Song Review: Sandaime J Soul Brothers – Movin’ On

I haven’t written much about any of the artists from Japan’s LDH empire since 2016, but I’m hoping to change that this year. Over the past few months, I’ve actively engrossed myself in the history of the agency’s Exile Tribe brand of groups, inspired by a late-2019 streak of excellent singles. That streak has continued into the new year, with several Exile-affiliated acts releasing new music during March.

In the West, Sandaime J Soul Brothers are arguably the most well-known of these sub-groups, scoring a major hit with 2014’s epic floor-filler R.Y.U.S.E.I., and often pairing with well-known global DJs and producers. Though their music is not exactly comparable, their rugged image has always reminded me of Japan’s answer to Bigbang. Vocalist Ryuji Imaichi’s flute-like tone has been a long-simmering acquired taste for me, but the group’s discography is stuffed with its fair share of modern J-pop classics.

Movin’ On is a bit of a turn for the group, with an energy perched halfway between their club-ready EDM tracks and more pensive ballads. It’s the tightest pop song they’ve released in awhile, and refreshingly straightforward in its appeal. A bubbling backbeat of chugging electronics and distorted guitar gives the verses just enough punch, quickly building to a satisfying beat drop when the chorus hits. The insistent rhythm here reminds me a bit of the UK garage style, but with more of a throbbing electronic base. More importantly, the breezy chorus unveils a simple, yet potent pop melody that compliments the members’ unique vocal textures. Much of the track feels in constant build, even when the instrumental hesitates during the extended bridge. This lends Movin’ On a great sense of movement, which is enhanced by some seriously impressive drone shots in the dizzying music video.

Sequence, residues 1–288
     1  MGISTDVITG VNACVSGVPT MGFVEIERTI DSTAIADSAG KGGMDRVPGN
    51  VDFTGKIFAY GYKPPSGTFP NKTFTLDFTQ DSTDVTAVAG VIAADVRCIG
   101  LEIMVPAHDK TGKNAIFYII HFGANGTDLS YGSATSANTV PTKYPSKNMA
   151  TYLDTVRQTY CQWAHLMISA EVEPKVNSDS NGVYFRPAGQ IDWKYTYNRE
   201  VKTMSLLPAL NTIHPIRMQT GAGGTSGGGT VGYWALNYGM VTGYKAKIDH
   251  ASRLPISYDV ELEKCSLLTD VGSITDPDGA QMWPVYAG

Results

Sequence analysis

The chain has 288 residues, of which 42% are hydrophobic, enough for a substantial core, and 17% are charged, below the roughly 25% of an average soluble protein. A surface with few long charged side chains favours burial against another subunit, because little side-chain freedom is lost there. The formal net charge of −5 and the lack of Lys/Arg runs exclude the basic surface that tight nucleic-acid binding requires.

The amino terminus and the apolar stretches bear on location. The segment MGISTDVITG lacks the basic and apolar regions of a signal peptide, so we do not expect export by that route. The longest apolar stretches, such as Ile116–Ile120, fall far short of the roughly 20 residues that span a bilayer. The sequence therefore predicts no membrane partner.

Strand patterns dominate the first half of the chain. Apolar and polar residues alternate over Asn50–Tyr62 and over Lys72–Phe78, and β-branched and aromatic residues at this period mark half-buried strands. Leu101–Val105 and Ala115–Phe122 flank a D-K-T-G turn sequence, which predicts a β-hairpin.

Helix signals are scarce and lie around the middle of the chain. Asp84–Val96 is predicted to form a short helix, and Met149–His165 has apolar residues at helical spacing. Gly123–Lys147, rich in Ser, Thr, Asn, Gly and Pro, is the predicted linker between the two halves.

Hooks 8
 Production 9
 Longevity 9
 Bias 9
 RATING 8.75

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One thought on “Song Review: Sandaime J Soul Brothers – Movin’ On

  1. This song succeeds because of the producer. The song is otherwise a straight-forward conventional boy band pop song. But to paraphrase a common youtube comment: “How much trap do you want?
    The bpm doesn’t actually change from the verse to the chorus, but those multi multi multi layered trap beats make it sound that much more imperative. It makes it sounds faster than it is. I don’t know how many percussion lines are buried in there, but it sounds to me like 5 or 8 or 12 separate drum machines all turned on all at once to create a cacophony of 16th and 32nd notes to propel the chorus forward. Over all that in the chorus, the safest thing to do melodically is something like the simple descending line used here.

    The rest of it is OK.

    (OT: Reminds me of this: In the Nutcracker, the Royal Ballet do the best transformation scene ever from evening in the ballroom to the toy soldier part. There is so much scenery moving in and out, that the choreographer has Clara do very simple moves such as a simple bourree from far stage right to far stage left. A more complicated choreo would be overwhelmed by all the scenery movement, and would take away from all the choreo the stage hands have to do behind the scenes. “ the good stuff starts about 3:40 in. I wish the bootlegger bootlegged the wide shot which shows it all better – by 4:40 the stage hands have peeled off 4 or 5 layers of proscenium. “ stage manager point of view.)


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